It's the reroll that causes the issue, not the simplification of (some) bonuses. If advantage/disadvantage was a simple +3/-3 bonus, the problems above go away.
Im not disagreeing that it is part of the crunch or it can't be gamed... It just reduces my headache to metagaming ratio greatly. I feel it to be an elegant solution to a problem I never fully realized existed before.
It really does comedown to preferences. Correct me if I am wrong, but It seems to me that you like a more math mastery style of game where things are more or less predictable and comfortable along a curve. That's cool, you take a technical approach to the game and I have gamed with many gamers like that before... in my younger years I was a lot like that too and would be still if I still played with m old gaming group.
Now, I like the more organic styles of play, myself. I do enjoy high crunch games that require mastery, for sure, but for me it is more that the system works well and there is options for me to develop my character along than the system working unerringly according to the math.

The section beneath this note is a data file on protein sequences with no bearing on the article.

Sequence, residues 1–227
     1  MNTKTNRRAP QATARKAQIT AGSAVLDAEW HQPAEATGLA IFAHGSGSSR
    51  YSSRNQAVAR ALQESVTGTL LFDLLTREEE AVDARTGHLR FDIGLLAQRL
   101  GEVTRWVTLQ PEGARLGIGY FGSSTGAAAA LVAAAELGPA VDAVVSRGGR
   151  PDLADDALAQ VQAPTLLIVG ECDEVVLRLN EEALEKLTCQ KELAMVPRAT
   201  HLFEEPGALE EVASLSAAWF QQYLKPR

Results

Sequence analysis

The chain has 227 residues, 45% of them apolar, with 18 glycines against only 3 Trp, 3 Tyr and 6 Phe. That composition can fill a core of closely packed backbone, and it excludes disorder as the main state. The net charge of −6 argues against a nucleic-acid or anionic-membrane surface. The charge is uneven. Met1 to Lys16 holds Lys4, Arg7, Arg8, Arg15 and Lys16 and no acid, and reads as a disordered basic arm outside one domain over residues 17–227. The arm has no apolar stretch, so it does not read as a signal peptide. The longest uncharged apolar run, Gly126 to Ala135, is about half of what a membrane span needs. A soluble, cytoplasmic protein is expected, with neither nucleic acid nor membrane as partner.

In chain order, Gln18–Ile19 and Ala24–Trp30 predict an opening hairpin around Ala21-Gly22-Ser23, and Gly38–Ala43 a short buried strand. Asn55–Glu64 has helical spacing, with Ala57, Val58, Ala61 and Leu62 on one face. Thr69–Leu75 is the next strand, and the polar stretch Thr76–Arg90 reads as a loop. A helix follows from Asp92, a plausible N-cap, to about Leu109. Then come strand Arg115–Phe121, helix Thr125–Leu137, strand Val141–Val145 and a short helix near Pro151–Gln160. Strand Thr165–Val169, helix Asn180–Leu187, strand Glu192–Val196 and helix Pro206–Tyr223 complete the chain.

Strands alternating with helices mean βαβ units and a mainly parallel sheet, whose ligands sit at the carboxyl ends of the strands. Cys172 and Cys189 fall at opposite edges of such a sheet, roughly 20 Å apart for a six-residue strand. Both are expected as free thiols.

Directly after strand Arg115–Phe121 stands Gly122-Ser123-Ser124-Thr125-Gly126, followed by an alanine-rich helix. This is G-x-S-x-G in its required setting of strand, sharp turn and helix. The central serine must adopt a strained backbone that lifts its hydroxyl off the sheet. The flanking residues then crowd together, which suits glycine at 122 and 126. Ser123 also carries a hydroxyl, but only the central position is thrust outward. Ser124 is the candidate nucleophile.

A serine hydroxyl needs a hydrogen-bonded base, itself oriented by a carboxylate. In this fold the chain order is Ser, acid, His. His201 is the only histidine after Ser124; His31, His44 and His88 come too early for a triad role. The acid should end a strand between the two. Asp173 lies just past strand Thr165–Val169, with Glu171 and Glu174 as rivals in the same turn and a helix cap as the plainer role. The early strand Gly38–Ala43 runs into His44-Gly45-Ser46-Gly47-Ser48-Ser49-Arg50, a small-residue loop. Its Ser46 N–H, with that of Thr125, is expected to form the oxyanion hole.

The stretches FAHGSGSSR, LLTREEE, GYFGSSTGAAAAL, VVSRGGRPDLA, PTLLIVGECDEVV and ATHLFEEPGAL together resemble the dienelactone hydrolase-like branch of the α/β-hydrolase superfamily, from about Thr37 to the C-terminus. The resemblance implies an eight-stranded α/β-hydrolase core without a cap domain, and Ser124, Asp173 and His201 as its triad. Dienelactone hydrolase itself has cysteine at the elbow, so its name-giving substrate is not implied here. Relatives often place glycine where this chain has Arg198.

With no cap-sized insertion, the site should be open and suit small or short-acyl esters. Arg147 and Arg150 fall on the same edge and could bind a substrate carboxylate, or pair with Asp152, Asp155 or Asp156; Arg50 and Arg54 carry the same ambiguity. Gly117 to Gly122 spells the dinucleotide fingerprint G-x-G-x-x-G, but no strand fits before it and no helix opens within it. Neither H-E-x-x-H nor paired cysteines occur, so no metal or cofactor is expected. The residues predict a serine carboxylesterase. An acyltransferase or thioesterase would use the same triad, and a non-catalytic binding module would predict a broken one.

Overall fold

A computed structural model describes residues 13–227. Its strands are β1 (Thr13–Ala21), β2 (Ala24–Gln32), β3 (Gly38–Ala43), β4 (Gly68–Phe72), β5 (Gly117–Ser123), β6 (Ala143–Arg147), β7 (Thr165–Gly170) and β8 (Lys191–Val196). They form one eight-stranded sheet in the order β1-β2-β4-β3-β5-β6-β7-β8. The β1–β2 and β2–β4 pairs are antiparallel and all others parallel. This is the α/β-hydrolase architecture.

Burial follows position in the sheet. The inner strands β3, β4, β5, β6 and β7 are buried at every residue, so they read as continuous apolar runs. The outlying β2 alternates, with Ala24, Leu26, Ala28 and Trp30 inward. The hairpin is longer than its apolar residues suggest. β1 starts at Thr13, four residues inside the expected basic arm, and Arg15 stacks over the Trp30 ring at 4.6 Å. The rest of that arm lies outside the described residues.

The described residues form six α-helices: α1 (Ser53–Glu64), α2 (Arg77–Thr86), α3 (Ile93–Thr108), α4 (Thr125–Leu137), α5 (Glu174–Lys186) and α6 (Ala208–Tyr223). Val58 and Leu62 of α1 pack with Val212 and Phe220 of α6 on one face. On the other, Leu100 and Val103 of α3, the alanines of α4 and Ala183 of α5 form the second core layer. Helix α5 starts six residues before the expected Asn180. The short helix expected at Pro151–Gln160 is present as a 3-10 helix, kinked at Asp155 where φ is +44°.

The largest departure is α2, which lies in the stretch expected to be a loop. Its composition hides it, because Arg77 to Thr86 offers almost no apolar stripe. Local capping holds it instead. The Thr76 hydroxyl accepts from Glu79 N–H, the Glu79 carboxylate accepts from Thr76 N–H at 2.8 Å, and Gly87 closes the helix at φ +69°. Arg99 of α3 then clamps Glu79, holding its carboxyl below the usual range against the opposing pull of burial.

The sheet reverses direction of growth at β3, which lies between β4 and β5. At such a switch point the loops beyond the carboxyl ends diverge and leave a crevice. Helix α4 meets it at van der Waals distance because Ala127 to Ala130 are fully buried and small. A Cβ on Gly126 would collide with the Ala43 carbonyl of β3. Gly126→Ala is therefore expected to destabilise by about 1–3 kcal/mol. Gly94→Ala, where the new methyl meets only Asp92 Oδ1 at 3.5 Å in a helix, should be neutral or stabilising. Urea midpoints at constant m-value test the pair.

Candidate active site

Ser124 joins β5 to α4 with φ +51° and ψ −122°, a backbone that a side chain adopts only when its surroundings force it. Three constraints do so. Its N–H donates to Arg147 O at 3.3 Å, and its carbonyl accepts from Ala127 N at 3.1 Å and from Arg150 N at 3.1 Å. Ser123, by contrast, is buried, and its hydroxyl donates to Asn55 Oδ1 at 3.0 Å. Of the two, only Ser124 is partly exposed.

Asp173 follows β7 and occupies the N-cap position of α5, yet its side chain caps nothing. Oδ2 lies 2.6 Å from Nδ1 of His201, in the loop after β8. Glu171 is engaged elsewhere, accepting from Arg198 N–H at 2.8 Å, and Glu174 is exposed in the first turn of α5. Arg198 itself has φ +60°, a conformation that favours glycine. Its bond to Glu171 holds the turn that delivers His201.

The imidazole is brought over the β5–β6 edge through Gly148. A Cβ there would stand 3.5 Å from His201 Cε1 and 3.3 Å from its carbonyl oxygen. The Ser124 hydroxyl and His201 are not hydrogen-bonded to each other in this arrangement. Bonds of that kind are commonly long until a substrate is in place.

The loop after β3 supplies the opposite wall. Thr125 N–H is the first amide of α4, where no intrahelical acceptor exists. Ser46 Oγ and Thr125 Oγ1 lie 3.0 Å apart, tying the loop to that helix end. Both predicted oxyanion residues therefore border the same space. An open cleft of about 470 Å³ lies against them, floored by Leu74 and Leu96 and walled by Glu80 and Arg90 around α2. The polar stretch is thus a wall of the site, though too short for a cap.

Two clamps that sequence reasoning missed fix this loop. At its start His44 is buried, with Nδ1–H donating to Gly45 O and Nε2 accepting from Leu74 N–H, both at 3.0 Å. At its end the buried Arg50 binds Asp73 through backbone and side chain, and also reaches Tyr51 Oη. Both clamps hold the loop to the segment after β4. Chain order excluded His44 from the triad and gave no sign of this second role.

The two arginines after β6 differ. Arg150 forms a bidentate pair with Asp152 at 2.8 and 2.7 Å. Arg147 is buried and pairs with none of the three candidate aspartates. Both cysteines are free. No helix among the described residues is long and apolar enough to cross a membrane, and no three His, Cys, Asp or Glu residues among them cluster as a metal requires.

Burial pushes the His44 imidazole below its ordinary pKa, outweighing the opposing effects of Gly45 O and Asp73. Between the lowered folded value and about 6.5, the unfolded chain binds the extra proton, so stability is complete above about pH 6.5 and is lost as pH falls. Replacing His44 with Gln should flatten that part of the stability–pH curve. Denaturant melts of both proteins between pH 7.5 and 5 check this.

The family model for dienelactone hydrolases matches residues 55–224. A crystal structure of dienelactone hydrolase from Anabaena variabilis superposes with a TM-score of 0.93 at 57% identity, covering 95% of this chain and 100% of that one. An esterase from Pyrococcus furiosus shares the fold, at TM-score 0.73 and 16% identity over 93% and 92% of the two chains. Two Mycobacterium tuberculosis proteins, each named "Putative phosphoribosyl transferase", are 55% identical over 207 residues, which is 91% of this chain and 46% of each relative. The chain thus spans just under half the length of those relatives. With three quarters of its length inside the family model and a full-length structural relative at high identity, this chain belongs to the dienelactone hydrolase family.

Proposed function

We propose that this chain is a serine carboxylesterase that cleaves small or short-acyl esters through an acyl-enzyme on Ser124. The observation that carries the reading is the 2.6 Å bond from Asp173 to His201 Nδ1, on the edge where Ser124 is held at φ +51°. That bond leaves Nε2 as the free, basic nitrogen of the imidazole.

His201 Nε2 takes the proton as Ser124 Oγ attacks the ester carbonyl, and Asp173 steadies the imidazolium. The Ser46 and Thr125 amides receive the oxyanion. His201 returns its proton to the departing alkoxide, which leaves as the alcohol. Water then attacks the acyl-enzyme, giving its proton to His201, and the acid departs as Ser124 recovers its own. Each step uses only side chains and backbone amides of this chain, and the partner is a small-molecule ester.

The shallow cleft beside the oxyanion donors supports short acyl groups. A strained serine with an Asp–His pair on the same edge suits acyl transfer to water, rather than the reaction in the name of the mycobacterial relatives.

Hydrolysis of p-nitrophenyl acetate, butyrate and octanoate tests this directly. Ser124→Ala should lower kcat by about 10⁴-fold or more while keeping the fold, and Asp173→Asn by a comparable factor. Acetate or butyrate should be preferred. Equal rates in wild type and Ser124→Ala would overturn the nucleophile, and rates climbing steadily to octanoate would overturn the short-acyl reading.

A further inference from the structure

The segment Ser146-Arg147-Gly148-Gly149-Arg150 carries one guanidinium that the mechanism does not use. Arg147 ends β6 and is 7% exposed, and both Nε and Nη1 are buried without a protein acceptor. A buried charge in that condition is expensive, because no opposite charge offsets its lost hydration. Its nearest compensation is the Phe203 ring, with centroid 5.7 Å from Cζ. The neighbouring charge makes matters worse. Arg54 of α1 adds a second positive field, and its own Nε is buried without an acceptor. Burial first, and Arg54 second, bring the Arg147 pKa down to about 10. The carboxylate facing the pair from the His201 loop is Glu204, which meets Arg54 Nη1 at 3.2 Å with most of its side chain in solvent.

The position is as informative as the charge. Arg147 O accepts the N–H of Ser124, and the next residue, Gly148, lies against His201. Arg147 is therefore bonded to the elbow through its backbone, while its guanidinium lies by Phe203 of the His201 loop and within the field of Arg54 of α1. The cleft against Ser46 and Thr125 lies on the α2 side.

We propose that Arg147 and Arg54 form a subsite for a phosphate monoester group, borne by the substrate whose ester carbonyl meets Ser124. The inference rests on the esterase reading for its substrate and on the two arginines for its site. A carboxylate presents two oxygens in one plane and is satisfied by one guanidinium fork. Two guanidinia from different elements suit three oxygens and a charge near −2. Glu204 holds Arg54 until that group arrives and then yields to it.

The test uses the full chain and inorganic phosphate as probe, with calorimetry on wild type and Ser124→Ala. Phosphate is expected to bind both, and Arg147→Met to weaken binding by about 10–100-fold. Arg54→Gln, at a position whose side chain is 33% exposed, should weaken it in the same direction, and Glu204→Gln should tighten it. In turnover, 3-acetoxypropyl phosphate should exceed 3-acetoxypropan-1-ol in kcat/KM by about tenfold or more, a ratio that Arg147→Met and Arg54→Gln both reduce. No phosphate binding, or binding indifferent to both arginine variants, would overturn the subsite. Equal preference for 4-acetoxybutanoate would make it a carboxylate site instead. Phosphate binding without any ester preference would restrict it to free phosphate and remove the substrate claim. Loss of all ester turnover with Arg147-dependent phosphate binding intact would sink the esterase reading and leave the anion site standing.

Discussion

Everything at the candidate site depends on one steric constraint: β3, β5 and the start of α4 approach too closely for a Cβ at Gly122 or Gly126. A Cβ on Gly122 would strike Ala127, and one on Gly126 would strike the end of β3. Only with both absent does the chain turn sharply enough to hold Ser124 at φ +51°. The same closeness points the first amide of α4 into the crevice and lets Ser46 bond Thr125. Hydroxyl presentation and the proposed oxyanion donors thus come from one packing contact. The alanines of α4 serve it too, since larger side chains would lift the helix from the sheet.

In the greater scheme of things, the way that the advantage systems works with the overall system makes it one of the better D&D rulesets I've played.The only thing preventing me from declaring it my favorite is that I feel too hamstrung and hindered by the rigid character development ark.I get very bored of my character when i can't do anything meaningful with it to change it. We all have our thing though.
 

3rik

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So, do you guys like the way it's handled in Shadow of the Demon Lord where you add IIRC up to three d6's to a roll and either add (boons) or subtract (banes) them from the result on de d20? Boons and banes cancel eachother out.
 

TJS

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I much prefer the Shadow of a Demon Lord variation of Boons and Banes.

You a or subtract a d6 from the roll instead and they can stack but you only ever take the highest score on the D6.

I find it to be less elegant in theory but to work better in practice. Allowing some degree of stacking means a bit more tactical thinking is possible and it can interface a lot more with the rest of the system. (This means that while the mechanic as a whole is slightly more complicated the system as a whole is simpler).